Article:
Bolstering this work, Michelle Marasco, PhD presented important new data about the processes that help achieve stability, including a protein called Interleukin-6 and its important role in the NRF2 pathway.
They said they hope to use this information to develop new targets for future therapies that could help promote survival of beta cells.
But first, they need better tools.
Beta cells are buried deep inside the body, which means that observing their activity is difficult. Traditionally, scientists isolate pancreatic islets in a dish for observation; others use animal models to conduct experiments and observe outcomes without being able to monitor the cellular activity that leads to those outcomes.
This is a shared struggle among diabetes researchers worldwide. After all, in order to determine how an abnormal beta cell can catalyze autoimmunity, it is crucial to be able to visualize its activity in its most natural state: inside of a living body.
Now, researchers at IU have created a solution that offers just that. At this year’s ADA Scientific Sessions, Chris Reissaus, PhD, discussed a novel platform that offers unprecedented analysis of beta cell activity in live animal models.
Using a combination of fluorescent biosensors and intravital microscopy, Reissaus and his colleagues were able to monitor specific biochemical pathways in cells. Importantly, they can use this to gather unique insights about the same collection of cells in the same model over time. The group describes this platform in a recently published study from Nature Scientific Reports.
With this unique methodology, scientists at IU and elsewhere can begin to study how beta cell function and signaling changes during the course of diabetes development and progression. Their ultimate goal is to uncover new data that will lead to novel interventions and treatment for people with diabetes.
Playing catch up
But what about after autoimmunity has already begun?
Preventative treatments for Type 1 diabetes may not be as far off as once thought. In a breakthrough study presented at this year’s conference, clinicians from IU School of Medicine and others around the country successfully delayed the onset of clinical Type 1 diabetes in high-risk children and adults. The study was conducted by TrialNet, the largest clinical trial network ever assembled to discover ways to delay and prevent Type 1 diabetes, at 28 sites around the country.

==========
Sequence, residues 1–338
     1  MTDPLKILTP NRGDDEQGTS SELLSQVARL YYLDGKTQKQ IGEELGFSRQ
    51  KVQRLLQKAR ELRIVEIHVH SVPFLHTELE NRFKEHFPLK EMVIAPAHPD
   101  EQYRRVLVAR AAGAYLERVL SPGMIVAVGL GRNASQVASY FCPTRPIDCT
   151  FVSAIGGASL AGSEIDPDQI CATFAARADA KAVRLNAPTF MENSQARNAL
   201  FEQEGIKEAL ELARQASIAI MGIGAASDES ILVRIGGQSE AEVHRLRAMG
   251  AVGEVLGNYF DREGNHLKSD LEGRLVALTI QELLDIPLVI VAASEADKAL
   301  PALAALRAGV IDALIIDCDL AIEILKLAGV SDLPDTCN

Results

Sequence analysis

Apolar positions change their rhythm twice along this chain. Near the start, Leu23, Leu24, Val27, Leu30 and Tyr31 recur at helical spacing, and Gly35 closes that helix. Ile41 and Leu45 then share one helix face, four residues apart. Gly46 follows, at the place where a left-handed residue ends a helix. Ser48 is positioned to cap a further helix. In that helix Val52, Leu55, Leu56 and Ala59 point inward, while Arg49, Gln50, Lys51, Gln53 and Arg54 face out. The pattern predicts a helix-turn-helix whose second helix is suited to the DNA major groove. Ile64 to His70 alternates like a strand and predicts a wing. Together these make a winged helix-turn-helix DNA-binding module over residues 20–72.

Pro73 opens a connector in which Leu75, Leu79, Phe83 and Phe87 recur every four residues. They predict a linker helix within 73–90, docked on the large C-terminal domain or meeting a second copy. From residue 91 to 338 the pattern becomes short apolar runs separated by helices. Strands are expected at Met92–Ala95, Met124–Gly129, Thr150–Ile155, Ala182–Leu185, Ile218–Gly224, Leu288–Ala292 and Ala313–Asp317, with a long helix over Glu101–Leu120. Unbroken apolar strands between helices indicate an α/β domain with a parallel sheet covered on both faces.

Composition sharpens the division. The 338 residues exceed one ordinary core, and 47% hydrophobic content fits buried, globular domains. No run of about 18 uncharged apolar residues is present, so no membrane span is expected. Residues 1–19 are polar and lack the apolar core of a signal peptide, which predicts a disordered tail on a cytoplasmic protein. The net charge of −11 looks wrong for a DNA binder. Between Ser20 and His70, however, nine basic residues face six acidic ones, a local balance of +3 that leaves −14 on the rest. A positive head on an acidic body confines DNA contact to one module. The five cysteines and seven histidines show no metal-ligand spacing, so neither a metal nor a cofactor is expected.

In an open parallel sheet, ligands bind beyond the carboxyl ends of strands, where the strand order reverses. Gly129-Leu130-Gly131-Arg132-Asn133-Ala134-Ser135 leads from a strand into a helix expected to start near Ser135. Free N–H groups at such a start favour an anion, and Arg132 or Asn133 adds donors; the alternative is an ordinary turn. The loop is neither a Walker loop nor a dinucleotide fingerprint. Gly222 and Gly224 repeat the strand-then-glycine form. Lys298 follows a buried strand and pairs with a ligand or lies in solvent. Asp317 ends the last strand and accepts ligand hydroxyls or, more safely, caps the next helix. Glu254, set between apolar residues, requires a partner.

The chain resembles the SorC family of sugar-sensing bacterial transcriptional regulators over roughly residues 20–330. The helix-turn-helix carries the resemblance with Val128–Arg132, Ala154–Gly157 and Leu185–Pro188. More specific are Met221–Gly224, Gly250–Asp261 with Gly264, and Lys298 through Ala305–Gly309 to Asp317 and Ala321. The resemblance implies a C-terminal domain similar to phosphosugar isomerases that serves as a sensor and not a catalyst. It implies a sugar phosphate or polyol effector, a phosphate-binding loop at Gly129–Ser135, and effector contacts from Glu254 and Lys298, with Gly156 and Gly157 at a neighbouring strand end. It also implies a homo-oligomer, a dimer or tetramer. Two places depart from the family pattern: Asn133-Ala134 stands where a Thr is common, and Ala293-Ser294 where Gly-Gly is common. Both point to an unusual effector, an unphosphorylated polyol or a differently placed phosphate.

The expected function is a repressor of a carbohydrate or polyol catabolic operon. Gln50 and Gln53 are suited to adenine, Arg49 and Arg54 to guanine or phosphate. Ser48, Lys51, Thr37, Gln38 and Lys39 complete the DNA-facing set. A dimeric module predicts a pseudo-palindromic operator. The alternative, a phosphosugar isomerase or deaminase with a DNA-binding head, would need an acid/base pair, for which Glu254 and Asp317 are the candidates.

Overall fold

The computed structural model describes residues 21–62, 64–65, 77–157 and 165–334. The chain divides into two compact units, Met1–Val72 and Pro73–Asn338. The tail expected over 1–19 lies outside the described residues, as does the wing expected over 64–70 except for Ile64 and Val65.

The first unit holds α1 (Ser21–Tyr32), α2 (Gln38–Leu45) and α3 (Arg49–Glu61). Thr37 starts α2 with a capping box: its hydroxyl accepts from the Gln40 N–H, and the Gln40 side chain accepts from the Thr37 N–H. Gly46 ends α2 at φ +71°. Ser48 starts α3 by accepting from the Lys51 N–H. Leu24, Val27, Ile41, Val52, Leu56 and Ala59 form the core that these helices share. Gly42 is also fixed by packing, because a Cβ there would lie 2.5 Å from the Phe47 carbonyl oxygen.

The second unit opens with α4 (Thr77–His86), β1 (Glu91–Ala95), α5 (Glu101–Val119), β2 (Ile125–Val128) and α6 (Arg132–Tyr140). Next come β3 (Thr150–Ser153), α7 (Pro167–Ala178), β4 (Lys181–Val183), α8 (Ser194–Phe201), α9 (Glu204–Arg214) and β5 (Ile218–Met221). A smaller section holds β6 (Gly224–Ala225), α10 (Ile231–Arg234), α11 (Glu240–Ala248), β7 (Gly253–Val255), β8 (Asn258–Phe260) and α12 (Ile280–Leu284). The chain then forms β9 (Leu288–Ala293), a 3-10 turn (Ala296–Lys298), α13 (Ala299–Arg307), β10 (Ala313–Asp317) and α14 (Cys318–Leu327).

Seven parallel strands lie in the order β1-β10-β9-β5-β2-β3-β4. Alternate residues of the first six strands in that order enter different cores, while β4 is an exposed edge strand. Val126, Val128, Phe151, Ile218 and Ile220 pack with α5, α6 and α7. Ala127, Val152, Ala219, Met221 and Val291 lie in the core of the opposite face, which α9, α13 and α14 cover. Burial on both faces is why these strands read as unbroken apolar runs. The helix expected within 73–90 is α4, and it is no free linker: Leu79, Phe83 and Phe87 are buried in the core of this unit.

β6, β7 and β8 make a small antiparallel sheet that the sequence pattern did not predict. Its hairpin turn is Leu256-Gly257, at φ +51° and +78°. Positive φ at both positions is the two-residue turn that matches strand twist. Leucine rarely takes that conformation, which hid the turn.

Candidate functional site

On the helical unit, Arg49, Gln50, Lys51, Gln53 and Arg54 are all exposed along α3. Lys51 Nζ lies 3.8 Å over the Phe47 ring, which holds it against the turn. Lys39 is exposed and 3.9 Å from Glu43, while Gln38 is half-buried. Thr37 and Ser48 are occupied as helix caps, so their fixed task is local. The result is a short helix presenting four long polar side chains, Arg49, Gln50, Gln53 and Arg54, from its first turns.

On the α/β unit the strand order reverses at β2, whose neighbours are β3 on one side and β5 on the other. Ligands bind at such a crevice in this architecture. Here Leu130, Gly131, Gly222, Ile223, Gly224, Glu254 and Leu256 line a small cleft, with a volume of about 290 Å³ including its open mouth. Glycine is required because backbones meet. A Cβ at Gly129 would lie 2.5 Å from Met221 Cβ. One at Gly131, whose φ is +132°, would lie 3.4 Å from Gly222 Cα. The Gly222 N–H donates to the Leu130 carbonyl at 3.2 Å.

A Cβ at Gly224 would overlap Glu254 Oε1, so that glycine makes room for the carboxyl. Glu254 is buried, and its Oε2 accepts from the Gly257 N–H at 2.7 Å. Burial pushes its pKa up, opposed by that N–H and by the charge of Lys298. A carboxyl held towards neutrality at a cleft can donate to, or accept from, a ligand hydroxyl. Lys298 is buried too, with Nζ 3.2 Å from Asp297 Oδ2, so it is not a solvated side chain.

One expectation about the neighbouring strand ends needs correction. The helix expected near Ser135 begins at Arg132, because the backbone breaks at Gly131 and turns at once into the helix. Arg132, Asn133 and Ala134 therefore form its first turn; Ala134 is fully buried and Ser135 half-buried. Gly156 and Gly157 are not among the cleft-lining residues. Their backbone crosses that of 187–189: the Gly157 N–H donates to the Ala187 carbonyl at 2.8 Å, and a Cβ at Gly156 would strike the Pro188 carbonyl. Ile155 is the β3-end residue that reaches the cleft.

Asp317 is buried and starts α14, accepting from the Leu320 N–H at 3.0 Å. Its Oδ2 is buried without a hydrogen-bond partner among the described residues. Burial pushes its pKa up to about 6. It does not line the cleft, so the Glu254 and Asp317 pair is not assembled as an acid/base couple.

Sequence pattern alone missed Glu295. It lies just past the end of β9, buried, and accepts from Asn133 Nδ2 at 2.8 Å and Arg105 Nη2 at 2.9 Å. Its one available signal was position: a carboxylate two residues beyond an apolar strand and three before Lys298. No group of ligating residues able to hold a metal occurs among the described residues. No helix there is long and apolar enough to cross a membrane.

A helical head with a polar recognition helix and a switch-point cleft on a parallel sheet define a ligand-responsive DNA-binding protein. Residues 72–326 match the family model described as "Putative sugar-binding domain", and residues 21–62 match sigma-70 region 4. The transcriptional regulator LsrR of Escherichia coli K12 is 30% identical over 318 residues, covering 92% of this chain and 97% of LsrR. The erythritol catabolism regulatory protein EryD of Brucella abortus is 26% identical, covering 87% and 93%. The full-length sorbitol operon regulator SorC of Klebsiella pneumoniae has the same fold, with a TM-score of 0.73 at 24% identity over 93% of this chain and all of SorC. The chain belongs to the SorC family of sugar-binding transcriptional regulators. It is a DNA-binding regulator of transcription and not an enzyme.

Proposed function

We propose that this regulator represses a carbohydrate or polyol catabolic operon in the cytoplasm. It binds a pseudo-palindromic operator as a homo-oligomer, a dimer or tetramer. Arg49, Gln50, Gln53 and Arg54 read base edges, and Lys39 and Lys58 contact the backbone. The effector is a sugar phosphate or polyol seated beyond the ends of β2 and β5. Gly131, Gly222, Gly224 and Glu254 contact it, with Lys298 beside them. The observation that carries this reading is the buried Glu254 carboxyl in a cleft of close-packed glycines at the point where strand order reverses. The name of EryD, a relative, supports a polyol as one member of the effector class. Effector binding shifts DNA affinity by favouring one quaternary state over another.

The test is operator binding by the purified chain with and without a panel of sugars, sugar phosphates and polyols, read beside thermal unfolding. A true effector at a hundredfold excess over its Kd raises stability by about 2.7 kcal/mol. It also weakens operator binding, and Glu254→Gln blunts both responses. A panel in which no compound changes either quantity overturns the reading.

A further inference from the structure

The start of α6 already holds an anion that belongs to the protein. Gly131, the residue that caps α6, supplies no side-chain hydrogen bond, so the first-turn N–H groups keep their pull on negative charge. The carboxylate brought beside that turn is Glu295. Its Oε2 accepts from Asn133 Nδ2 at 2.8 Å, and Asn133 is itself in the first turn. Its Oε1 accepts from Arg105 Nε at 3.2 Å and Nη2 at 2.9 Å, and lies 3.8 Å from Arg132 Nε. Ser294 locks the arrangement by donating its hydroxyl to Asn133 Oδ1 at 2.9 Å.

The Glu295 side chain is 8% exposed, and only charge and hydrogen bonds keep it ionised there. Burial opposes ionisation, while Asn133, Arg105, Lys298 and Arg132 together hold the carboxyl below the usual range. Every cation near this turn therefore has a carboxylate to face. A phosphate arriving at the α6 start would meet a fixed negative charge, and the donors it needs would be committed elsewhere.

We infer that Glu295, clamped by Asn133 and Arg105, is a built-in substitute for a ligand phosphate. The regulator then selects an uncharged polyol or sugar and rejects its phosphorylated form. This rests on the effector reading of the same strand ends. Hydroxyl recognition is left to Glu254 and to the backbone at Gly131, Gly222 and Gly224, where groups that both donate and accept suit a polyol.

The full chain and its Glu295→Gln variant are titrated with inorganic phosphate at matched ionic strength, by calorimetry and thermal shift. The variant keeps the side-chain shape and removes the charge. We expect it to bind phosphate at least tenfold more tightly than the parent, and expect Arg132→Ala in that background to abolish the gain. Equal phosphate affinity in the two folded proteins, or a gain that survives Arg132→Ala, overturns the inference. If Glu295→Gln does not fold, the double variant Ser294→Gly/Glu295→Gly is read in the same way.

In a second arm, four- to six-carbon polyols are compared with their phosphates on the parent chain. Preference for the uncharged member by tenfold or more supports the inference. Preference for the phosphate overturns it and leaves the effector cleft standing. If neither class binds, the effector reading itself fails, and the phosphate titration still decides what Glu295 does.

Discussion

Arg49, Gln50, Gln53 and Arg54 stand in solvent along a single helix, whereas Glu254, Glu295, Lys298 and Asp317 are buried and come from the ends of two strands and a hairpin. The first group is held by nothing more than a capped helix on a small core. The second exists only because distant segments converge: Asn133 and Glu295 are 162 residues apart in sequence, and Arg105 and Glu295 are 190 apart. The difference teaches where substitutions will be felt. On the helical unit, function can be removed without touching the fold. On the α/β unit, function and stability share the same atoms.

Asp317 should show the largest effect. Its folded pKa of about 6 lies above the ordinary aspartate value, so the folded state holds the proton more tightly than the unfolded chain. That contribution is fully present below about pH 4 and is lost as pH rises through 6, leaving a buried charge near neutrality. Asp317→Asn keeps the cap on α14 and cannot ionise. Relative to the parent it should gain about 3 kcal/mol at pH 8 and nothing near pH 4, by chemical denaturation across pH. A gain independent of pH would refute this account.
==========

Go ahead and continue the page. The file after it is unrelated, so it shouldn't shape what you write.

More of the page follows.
“These results are of great worldwide importance for persons impacted by Type 1 diabetes, especially the relatives of people with Type 1 diabetes who are themselves at 15 times greater risk of developing the disease than the general U.S. population,” said Linda DiMeglio, MD, MPH, TrialNet Principal Investigator and professor of pediatrics at IU School of Medicine.
TrialNet investigators at IU, including those in the pediatric diabetes clinical research group, used a drug called Teplizumab in trial participants who were high-risk for Type 1 diabetes.
Teplizumab is an anti-CD3 antibody designed to interfere with the destruction of beta cells. They found that the immunotherapy delayed Type 1 diabetes diagnosis for a median of two years among participants.
So is autoimmunity a normal response to an abnormal beta cell?
Scientists are still working to uncover the components of diabetes development and progression, but Mirmira said that the evolving consensus among researchers at IU is that the beta cell is more than an innocent eyewitness.
“Several studies suggest that somehow the beta cell intrinsically triggers an immune response and that there are important lessons to be learned about how diabetes can be prevented in the very early stages before autoimmunity occurs,” Mirmira said. “That’s why it’s so important to also develop novel techniques that allow scientists to better visualize cellular processes in order to address the complex questions that remain—questions our team of scientists are determined to answer.”